Git : Undoing Changes

Since Git has so many components, “undoing” can take
on many different meanings. For example, you can:

  • Undo changes in the working directory
  • Undo changes in the staging area
  • Undo an entire commit
    • Unmodifying a Modified File

    • What if you realize that you don’t want to keep your changes you just did to your files in your working directory ? How can you easily unmodify it — revert it back to what it looked like when you last committed (or initially cloned, or however you got it into your working directory)? Luckily, git status tells you how to do that, too.

      • Running git status after modifying a file gives the following result :
        # On branch master
        # Changes not staged for commit:
        #   (use "git add ..." to update what will be committed)
        #   (use "git checkout -- ..." to discard changes in working directory)
        #	modified:
      • It tells you pretty explicitly how to discard the changes you’ve made.
        On the terminal, within your project directory, Run :

        git checkout -- <filename> 

        Example :

        ~$ git checkout --
    • Unstaging a Staged File

    • Unstaging, in other words, means Undoing ‘git add’. Once you have added the files using git add, say I added, how can I revert it ?
      The command to undo git add is :

      git rm --cached <filename>


      ~$ git rm --cached 
    • Changing Your Last Commit

    • One of the common undos takes place when you commit too early and possibly forget to add some files, or you mess up your commit message. If you want to try that commit again, you can run commit with the –amend option:

      ~$ git commit --amend

      This command takes your staging area and uses it for the commit. If you’ve have made no changes since your last commit (for instance, you run this command immediately after your previous commit), then your snapshot will look exactly the same and all you’ll change is your commit message.( You can edit the message the same as always, but it overwrites your previous commit ).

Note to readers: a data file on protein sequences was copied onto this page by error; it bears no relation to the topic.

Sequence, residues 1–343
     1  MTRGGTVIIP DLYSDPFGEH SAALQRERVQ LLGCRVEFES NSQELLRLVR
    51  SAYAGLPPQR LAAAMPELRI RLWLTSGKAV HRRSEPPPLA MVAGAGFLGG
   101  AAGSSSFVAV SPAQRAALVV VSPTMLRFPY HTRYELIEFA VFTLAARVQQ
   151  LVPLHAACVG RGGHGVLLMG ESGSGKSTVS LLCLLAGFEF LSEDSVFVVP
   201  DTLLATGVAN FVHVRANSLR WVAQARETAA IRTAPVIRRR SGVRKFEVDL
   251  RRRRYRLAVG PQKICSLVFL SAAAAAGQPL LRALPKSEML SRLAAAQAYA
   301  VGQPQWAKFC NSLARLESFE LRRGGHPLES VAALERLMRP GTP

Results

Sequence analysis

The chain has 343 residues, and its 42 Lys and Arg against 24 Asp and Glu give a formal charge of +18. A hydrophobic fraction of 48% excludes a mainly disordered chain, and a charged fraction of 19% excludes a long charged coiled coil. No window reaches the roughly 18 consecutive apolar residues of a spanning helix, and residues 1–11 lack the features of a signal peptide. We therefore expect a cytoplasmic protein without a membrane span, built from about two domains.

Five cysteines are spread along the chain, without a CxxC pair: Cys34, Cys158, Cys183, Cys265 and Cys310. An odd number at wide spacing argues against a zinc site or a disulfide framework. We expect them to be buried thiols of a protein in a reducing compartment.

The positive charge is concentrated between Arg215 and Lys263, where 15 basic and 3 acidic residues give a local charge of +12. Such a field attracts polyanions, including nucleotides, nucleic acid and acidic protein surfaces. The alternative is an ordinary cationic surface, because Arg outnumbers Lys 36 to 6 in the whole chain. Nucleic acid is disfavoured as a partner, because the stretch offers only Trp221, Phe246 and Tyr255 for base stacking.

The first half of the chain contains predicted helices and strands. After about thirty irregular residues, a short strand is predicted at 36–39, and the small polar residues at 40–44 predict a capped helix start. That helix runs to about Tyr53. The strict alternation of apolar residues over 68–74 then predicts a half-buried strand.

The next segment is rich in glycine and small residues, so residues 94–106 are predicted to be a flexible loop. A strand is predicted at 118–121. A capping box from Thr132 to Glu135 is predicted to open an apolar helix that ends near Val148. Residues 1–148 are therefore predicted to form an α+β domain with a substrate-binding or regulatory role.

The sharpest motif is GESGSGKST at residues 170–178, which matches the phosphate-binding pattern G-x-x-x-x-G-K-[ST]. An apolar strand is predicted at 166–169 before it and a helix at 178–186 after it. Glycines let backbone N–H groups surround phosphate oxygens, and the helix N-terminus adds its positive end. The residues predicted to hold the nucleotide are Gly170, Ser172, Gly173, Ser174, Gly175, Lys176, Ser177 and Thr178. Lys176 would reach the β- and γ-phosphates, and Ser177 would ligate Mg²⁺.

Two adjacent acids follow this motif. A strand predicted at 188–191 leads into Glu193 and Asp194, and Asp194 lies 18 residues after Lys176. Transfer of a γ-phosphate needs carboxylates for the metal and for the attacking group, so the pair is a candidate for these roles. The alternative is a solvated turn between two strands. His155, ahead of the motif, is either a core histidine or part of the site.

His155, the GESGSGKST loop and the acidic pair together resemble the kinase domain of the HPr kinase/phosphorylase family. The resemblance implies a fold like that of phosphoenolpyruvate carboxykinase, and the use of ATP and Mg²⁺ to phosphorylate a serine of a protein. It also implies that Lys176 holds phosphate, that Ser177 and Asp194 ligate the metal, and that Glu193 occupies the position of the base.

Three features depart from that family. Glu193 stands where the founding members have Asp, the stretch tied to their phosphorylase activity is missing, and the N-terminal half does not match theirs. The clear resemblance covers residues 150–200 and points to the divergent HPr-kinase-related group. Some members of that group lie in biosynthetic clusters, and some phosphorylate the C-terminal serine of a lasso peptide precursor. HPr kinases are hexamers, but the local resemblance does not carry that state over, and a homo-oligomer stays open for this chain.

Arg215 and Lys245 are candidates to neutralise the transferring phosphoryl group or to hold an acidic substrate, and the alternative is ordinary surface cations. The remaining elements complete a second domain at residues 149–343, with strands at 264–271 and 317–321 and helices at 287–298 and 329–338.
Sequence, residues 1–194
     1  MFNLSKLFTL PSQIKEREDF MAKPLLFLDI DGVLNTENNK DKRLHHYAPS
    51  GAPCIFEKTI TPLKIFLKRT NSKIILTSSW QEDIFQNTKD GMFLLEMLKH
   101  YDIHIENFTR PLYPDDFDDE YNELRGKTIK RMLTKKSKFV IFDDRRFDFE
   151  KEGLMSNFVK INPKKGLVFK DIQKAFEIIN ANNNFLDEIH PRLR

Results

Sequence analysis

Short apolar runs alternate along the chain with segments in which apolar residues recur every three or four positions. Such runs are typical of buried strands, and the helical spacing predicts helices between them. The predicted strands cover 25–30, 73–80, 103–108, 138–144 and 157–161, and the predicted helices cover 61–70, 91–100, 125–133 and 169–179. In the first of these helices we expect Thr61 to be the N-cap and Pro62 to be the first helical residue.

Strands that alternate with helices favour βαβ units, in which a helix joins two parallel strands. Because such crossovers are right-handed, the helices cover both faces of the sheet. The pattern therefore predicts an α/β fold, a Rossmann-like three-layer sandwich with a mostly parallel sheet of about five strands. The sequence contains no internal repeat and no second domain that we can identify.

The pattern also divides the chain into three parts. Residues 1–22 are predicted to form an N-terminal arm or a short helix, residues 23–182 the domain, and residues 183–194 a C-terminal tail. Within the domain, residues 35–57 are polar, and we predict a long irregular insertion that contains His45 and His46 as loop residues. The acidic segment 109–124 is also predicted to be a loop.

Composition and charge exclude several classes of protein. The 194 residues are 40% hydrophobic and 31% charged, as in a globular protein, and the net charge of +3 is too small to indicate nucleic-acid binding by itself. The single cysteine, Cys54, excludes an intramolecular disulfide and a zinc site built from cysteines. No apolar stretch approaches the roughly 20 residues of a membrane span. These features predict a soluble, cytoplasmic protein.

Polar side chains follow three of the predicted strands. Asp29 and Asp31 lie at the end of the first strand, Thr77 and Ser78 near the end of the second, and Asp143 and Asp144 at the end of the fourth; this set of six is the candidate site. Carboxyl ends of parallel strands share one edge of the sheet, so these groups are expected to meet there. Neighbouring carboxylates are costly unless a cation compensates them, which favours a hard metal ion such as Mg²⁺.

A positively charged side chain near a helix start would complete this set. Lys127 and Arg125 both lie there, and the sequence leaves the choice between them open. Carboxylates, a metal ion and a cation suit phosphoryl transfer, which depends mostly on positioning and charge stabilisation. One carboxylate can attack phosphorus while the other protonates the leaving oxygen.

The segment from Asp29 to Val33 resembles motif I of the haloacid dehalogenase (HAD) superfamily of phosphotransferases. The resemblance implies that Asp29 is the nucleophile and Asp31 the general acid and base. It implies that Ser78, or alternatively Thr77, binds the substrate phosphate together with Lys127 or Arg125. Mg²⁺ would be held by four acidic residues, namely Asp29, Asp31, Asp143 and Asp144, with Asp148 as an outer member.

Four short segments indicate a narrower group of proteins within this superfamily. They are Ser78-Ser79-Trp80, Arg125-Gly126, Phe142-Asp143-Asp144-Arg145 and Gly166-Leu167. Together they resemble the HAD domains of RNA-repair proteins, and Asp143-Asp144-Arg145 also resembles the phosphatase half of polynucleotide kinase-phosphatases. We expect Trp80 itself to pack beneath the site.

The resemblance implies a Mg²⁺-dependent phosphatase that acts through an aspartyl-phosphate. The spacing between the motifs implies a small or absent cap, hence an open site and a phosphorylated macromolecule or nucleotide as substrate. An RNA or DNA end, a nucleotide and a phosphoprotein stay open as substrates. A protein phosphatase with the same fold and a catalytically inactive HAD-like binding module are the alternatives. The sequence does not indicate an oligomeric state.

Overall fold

Now, for an example, if you commit and then realize you forgot to stage the changes in a file you wanted to add to this commit, you can do something like this:

      ~$ git commit -m 'initial commit' 
      ~$ git add forgotten_file
      ~$ git commit --amend

      All three of these commands end up with a single commit — the second commit replaces the results of the first.

      To remove a file from last commit

      Run :

       ~$ git rm--cached <filename> 
      ~$ git commit --amend
    • Undoing the Commits

    • Undoing the commit is little different from the changing the commit using –amend option. Undoing the commit completely reverts the changes made by the specific commit.
      One way to undo a commit is :

      • Use the following command :
        ~$ git reset HEAD~1


        ~$ git reset --soft HEAD~1
      • The HEAD~1 syntax parameter specifies the commit that occurs immediately before HEAD (likewise, HEAD~2 refers to the second commit before HEAD). By moving the HEAD reference backward, you’re effectively removing the most recent commit from the project’s history.

      • Another way to undo the commits is Reverting. To remedy the problems introduced by resetting public commits, Git developers devised another way to undo commits: the revert. Instead of altering existing commits, reverting adds a new commit that undoes the problem commit:
        ~$ git revert 
      • where the commit-id is the SHA of your desired commit that can be seen using ‘git log’ command.
        This command takes the changes in the specified commit, figures out how to undo them, and creates a new commit with the resulting changeset.

      • Undoing the ‘Undid’ Commit

      Confused ? What I mean here is, what if you undid a commit and realize later that the undid commit was supposed to be there, what then ? In other words, how to undo an ‘undid commit’ or how to undo ‘git reset HEAD’ ?
      Here’s the solution that comes to your rescue. Run the following set of commands :

      • ~$ git reflog show master
      • where master can be replaced by your desired branch.

      • ~$ git reset 
      • where sha is the SHA of your desired commit you want to go to and find its SHA using git log command.

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